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YAEPT (stress in noun compounds) (was: 'noun' and 'adjective')

From:Tim May <butsuri@...>
Date:Friday, March 3, 2006, 19:17
Benct Philip Jonsson wrote at 2006-03-03 19:35:46 (+0100)
 > Mark J. Reed skrev:
 > >> I once read an Anglophone phonetician pointing out the
 > >>difference in intonation between the compound _orange juice_
 > >>meaning "juice made of oranges" and the adjective + noun phrase
 > >>_orange juice_ meaning "any juice of orange color": the compound
 > >>has stress only on _orange_ while the phrase has stress on both
 > >>_orange_ and _juice_.  By that criterion _apple pie_ is a
 > >>compound!
 > >
 > >
 > > ?  Not the way I say it; "apple pie" has equal stress on both
 > > words.  When I say it with the stress only on "apple", the result
 > > sounds like someone speaking with a marked foreign accent.
 > Being tone deaf I might well have gotten the details of the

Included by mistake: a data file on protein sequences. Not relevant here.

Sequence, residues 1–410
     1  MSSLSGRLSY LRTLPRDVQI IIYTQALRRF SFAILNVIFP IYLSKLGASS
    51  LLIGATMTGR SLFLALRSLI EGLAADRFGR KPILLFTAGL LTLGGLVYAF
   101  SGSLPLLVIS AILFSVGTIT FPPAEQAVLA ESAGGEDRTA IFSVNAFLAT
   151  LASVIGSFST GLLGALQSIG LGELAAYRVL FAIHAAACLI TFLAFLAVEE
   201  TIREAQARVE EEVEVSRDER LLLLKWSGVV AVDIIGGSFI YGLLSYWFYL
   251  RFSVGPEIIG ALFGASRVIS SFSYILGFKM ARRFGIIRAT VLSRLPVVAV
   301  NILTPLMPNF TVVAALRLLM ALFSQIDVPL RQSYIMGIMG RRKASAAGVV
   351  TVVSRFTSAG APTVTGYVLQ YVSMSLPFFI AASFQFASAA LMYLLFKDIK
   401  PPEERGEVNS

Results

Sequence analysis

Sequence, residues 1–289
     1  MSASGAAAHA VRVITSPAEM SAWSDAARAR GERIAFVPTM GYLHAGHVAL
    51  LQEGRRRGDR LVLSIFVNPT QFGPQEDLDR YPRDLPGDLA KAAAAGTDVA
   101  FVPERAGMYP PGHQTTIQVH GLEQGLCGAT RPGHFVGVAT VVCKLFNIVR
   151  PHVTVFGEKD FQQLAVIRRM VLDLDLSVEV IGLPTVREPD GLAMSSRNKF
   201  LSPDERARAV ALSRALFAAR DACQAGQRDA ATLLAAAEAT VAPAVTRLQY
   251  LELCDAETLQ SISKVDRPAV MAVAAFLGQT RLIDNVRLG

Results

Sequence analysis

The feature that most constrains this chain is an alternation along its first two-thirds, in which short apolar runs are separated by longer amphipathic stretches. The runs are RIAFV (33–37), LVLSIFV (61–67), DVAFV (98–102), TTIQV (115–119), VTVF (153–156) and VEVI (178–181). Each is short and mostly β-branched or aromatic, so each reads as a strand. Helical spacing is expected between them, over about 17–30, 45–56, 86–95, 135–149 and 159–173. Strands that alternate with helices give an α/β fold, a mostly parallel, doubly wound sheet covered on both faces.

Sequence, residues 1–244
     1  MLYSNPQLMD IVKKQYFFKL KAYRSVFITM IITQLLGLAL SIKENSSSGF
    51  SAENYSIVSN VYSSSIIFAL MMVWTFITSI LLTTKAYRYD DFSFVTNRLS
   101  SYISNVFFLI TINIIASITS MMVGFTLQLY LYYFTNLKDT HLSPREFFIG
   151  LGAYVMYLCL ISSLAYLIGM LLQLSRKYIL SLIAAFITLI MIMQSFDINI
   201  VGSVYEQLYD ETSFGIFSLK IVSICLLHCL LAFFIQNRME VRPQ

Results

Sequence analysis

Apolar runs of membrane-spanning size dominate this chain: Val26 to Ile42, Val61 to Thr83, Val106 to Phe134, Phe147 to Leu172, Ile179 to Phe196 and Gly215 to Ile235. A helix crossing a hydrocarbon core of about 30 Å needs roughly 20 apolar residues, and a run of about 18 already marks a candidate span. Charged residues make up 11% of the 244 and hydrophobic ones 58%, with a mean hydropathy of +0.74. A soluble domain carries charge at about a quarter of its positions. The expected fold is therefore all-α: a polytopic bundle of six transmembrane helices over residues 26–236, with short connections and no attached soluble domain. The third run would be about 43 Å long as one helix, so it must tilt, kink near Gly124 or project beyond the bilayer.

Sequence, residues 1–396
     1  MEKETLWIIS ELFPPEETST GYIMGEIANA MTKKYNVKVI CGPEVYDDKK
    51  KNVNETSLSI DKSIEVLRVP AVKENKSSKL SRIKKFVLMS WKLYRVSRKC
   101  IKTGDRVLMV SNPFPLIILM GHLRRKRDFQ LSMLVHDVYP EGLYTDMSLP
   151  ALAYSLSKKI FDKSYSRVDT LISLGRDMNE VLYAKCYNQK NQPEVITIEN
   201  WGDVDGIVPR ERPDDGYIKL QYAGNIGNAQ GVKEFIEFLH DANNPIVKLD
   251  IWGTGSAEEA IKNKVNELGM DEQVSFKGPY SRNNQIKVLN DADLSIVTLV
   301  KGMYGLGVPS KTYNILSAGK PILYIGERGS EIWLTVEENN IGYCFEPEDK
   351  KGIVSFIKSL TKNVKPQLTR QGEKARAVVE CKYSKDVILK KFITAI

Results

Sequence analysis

> stress wrong, but you have to agree that _apple pie_ has the
 > same stress pattern as the "juice made of oranges"
 > version of _orange juice_, whichever the actual realization
 > is, don't you (and Ray)?

It doesn't.  The primary stress is on the first syllable of "orange
juice"* and the last of "apple pie"; I can't imagine "apple pie"
taking the pattern of "orange juice" _ever_.  "Apple cake" could,
easily, in which case it might be written "applecake".  "Applepie" is
impossible, I think, at least in my English.  I'm not sure if the
restriction is semantic or phonological.

* In the relevant sense.


Roger Mills <rfmilly@...>
taliesin the storyteller <taliesin-conlang@...>